APA performance rated panels—North American wood structural panels certified by APA – The Engineered Wood Association – are typically produced in two bond classifications, Exposure 1 and Exterior grades. For most crates and bins, Exposure 1 panels are suitable. For export or outdoor use, Exterior panels may be necessary. Exterior panels have bonds capable of withstanding repeated wetting and re-drying, long-term exposure to weather, and other conditions of similar severity. Sanded plywood or panels with overlaid surfaces, such as High Density Overlay (HDO) and Medium Density Plywood (MDO) plywood, can be used when an extra-smooth surface is desired. By joining the wood components with simple hardware, manufacturers can match the specifications of a crate or bin with the requirements of specific products and materials handling equipment.
Plywood and OSB crates and bins can be designed in a variety of sizes and functional configurations, adaptable to virtually any materials handling equipment, from forklifts to conveyors to racks and automated storage and retrieval systems. Collapsible bins, containers with plastic liners for liquids, bag-in-a-box containers, containers with built-in pallets—these can ship everything from heavy machine parts to delicate agricultural products. Collapsible boxes allow for efficient return shipment or storage when not in use. When equipped with a plastic liner bag, containers can be filled with a variety of liquids and granular materials.
Design Considerations and Specifications
Design data for wood structural panel containers is based on the individual members of the crate structure working as an integral unit. For example, a particular skid size considered alone may appear too light for the supported load. But the wood structural panel crate sides, fastened securely to the skids, form the web of a box beam. When the crate is sling-lifted from its ends, this beam carries the load in a simple span. When the crate is forklifted from its center, the beam carries the load in a semi-cantilever.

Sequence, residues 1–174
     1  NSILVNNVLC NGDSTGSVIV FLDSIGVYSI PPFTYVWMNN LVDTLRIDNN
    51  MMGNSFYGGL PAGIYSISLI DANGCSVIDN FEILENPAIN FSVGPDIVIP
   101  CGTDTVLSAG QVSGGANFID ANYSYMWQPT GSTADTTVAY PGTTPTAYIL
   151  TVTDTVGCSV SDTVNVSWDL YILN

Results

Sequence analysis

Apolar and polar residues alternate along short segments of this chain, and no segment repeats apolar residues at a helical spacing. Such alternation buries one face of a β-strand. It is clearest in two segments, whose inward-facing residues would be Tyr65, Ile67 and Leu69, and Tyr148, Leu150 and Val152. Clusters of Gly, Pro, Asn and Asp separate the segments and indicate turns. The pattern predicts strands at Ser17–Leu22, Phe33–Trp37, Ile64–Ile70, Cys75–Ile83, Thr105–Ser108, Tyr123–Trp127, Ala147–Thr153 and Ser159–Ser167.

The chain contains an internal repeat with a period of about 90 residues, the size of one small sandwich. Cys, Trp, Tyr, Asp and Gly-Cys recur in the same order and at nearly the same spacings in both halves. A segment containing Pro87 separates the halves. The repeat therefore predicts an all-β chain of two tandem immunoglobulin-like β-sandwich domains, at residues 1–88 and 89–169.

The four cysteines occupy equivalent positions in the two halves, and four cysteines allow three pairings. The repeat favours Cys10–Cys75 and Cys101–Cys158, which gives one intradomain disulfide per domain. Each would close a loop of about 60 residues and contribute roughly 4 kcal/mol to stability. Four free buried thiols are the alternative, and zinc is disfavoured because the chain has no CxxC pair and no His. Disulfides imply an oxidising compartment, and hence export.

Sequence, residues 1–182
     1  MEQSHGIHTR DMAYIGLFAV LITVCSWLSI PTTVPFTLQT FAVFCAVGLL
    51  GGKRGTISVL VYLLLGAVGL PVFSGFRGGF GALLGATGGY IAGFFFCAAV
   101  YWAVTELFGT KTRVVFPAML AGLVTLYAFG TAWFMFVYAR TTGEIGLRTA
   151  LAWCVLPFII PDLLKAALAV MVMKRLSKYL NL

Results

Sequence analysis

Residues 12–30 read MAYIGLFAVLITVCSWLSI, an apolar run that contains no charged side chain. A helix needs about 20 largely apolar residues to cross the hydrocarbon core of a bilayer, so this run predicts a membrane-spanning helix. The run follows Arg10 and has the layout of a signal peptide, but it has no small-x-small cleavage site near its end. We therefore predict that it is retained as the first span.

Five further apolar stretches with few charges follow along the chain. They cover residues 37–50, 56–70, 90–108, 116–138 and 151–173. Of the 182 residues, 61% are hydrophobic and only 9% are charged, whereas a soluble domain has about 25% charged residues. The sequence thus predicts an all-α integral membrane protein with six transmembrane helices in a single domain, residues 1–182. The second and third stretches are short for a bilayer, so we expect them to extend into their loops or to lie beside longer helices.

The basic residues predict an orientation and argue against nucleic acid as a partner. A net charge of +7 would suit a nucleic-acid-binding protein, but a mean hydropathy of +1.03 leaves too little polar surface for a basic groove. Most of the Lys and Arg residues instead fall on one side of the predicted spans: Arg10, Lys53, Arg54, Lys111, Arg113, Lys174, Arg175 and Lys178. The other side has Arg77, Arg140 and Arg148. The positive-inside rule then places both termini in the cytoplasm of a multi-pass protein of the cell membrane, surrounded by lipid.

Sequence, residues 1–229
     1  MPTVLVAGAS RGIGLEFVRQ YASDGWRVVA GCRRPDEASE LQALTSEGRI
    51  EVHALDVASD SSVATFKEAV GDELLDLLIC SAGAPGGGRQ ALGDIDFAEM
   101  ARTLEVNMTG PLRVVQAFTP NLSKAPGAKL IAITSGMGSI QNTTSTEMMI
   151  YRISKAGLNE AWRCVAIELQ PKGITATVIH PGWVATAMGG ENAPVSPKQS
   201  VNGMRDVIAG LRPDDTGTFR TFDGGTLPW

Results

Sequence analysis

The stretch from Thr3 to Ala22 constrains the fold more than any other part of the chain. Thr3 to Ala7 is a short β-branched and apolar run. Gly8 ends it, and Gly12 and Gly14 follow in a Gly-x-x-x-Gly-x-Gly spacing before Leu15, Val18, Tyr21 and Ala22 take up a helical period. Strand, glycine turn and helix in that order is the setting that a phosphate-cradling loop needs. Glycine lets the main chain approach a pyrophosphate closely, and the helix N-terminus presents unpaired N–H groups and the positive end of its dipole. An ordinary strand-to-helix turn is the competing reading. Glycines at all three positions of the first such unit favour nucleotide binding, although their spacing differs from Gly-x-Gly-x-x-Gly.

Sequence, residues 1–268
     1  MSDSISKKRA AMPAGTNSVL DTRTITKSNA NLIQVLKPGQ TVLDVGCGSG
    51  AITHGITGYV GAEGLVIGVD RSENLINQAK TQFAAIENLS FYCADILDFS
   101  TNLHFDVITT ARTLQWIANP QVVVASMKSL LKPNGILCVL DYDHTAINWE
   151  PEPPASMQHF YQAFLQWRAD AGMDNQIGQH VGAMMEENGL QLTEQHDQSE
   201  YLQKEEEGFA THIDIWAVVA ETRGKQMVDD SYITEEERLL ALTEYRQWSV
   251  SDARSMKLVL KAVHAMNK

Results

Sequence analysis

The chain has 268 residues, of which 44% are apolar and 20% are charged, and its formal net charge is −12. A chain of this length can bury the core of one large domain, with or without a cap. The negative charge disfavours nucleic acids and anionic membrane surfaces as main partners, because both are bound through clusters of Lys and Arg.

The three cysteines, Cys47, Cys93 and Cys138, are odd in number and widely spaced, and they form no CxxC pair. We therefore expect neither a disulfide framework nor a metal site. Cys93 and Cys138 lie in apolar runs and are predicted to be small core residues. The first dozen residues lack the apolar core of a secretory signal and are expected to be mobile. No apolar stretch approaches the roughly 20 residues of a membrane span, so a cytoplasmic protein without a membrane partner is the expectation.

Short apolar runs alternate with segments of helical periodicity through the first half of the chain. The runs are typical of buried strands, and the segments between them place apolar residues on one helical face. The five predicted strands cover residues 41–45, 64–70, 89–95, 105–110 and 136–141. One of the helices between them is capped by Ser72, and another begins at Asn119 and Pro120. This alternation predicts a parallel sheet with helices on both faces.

PerformancePanels.com, APA’s online resource for engineered wood products in materials handling and other industrial applications, provides access to design information and specification recommendations, including APA’s Containers and Bins Industrial Use Guide, Materials Handling Industrial Use Guide, and the Performance Rated Panels Product Guide. Visit www.performancepanels.com for additional information.
Attributes of Wood Structural Panels
Plywood (cross-laminated wood veneer) and OSB (oriented strand board) are engineered wood structural panels that possess intrinsic advantages preferred by many manufacturers and shippers of boxes, crates and containers.
Plywood and OSB possess inherent strength and durability. They resist bending or deflection, racking or shape distortion, and impact damage. Because of their split resistance, these products also provide excellent fastener-holding properties and can be nailed very near panel edges. Plywood and OSB panels, relative to their strength, are lightweight and easy to handle, work, and install.
Excellent stiffness—measured as resistance to deflection under uniform and concentrated loads and to forces that would tend to distort the panel from its rectangular shape (rack resistance)—is another advantage of plywood and OSB. This stiffness often permits the panels to be used with less framing or bracing than required by other materials.
Thermal, Acoustical, and
Because wood is a natural insulator, plywood and OSB provide good protection against heat loss and condensation. Large panel size also minimizes the number of joints that can “leak” heat, airborne noise, or flames.
Plywood and OSB improve on wood’s well-known ability to absorb shock. Even when supported on only two edges, the panel’s construction and large size distribute impact loads. The advantages are even greater when the panel is supported on all four edges.
Ordinary tools and basic carpentry skills are all that are required to work with plywood and OSB panels, which can be cut, drilled, routed, jointed, glued, and fastened. In addition, these products can be bent to form curved surfaces without loss of strength. Fabric or plastic materials can be stitched to wood structural panels up to 3/8-inch thick with industrial sewing machines.